Macadamia Nuts & Dogs Don’t Mix – A Peculiar Toxicity for Pups!

Whenever my family and I visited my maternal grandparents, my Papou (Greek for grandfather) would obsess about making sure we had enough to eat. There was always a jar of mixed nuts on the coffee table. Inevitably macadamia nuts were among the mixture of delicious nuts. They have such a delicate flavor and crunchy texture. Did you know they’re toxic to dogs? Most dog parents are unaware of this unique toxicity. So, I wanted to dedicate some blog space to giving you something interesting on which to chew this week. Happy reading!


Macadamia Nuts – Why are they toxic?

Macadamia nuts in the United States are cultivated from Macadamia intergrifolia and M. tetraphylla trees in Hawaii. To date, the toxic principle is not known. Evidence suggests the mechanism of toxicity may be specific to the dog because the clinical signs seen in dogs that ingest these nuts have not been seen in other species. Human patients may have anaphylactic reactions to them. All parts of the nut should be considered toxic until research definitively identifies the toxic principle.


Trees of Macadamia intergrifolia

Macadamia Nuts – What does toxicity look like?

Clinical signs of macadamia intoxication typically manifest within 12 hours of ingestion. The most common clinical sign is weakness. Weakness affects the pelvic limbs, and concurrent tremors may be present. Other clinical signs include:

  • Depression
  • Vomiting
  • Inability to walk steadily (called ataxia)
  • Elevated body temperature

The amount of nuts that a dog needs to ingest to cause clinical signs is variable. As little 2.4 gram per kilograms of body weight (g/kg) has been documented to cause pelvic limb weakness and as little as 7 g/kg to cause vomiting.

Macadamia Nuts – How is toxicity diagnosed?

There is no specific test to confirm macadamia nut intoxication. Diagnosis is based on suspected or known ingestion of the nuts with concurrent consistent clinical signs of intoxication. Blood tests have occasionally documented elevated serum lipase levels. This finding may be due to the large volume of oil present in the nuts and/or may represent a biochemical red flag for possible acute pancreatitis.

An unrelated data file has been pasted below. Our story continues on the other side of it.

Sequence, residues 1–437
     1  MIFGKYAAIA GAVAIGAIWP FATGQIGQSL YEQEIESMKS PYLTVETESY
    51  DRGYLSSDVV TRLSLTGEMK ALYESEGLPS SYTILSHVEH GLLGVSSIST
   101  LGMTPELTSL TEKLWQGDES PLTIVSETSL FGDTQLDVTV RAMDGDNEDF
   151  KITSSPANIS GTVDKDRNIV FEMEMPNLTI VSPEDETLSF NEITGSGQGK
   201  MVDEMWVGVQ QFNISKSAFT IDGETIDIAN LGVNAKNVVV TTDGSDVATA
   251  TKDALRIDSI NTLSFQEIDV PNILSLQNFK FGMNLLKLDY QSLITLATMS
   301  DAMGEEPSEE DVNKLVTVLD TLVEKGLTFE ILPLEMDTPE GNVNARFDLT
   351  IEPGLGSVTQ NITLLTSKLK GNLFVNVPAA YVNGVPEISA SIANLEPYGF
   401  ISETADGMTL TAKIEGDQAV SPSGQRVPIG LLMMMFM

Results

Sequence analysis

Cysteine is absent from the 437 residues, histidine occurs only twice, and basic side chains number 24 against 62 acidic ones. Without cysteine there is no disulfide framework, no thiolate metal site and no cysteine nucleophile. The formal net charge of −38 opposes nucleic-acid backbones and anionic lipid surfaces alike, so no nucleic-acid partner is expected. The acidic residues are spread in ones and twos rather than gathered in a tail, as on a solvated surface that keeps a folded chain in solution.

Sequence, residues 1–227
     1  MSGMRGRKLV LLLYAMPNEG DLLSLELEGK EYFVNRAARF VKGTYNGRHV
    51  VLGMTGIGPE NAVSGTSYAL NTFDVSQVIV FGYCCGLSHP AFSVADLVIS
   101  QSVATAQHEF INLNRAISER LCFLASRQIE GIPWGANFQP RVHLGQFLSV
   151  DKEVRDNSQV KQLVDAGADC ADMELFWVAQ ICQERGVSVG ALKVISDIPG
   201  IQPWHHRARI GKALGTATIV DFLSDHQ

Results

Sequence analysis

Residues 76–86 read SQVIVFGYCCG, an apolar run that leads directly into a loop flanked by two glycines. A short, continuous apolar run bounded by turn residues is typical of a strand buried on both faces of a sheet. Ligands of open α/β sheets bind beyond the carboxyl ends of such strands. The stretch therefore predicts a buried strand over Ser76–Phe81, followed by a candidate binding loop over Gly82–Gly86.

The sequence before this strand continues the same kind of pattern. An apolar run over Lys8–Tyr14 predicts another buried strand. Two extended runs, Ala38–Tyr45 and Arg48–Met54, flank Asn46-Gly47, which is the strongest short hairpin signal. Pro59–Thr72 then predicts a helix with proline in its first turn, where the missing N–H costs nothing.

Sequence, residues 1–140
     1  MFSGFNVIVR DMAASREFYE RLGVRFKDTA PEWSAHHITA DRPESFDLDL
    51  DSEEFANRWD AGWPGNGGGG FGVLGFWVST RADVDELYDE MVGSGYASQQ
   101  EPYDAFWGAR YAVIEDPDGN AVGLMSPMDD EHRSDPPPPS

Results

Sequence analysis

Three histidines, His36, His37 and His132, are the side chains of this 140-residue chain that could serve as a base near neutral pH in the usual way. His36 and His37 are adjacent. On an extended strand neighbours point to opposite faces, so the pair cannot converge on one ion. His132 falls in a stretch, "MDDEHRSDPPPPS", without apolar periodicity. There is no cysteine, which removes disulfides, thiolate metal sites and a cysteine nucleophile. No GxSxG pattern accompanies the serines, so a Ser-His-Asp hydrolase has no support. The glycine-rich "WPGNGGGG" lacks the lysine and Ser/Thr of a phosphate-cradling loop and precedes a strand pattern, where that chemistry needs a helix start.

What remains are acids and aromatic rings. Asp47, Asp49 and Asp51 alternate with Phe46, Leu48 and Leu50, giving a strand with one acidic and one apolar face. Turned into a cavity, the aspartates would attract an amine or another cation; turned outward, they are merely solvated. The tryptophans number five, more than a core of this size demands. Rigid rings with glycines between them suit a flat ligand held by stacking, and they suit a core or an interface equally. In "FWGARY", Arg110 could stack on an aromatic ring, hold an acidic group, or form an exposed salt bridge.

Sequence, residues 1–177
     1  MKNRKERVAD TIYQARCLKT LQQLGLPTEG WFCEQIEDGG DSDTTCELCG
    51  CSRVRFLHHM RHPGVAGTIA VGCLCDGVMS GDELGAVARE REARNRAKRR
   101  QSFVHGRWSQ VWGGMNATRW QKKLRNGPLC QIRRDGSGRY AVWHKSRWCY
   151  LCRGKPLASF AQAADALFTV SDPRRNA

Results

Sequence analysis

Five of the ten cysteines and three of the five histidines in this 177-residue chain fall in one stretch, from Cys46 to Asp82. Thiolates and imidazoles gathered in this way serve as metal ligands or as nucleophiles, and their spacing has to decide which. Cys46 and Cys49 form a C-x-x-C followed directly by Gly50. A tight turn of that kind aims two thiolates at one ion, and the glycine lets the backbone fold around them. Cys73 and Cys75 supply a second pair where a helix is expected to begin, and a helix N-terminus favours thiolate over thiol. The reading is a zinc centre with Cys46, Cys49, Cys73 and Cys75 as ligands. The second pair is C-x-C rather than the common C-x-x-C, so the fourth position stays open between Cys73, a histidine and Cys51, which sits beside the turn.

Macadamia Nuts – How is toxicity treated?

The level of intervention needed for a dog who ingests macadamia nuts depends on the amount ingested and the associated clinical signs. Patients with minimal pelvic limb weakness may be able to be simply observed at home. However, patients with profound weakness, tremors, vomiting, and/or depression should be evaluated by a veterinarian as soon as possible. Administration of medications like activated charcoal with a cathartic agent hasten passage through the gastrointestinal tract. Dehydrated patients benefit from intravenous fluid therapy, and vomiting may be controlled with anti-nausea medications. Patients who develop acute pancreatitis often require hospitalization for around-the-clock care, including aggressive pain management and nutritional support. In general, the prognosis for uncomplicated macadamia nut intoxication is good. Most dogs return to normal activity within 48 hours. Patients with complications like acute pancreatitis have a more guarded prognosis.

The take-away message about macadamia nut toxicity in dogs…

Macadamia nuts may be tasty treats but they are toxic to our canine companions. Common signs of toxicity include pelvic limb weakness and tremors, as well as depression and vomiting. Prognosis is generally good for uncomplicated intoxication, and may dogs return to normal activity within a couple of days.

To contact a board-certified veterinary toxicologist, please contact the ASPCA Animal Poison Control Center.

To find a board-certified veterinary emergency and critical care specialist, please visit the American College of Veterinary Emergency and Critical Care.

Wishing you wet-nosed kisses,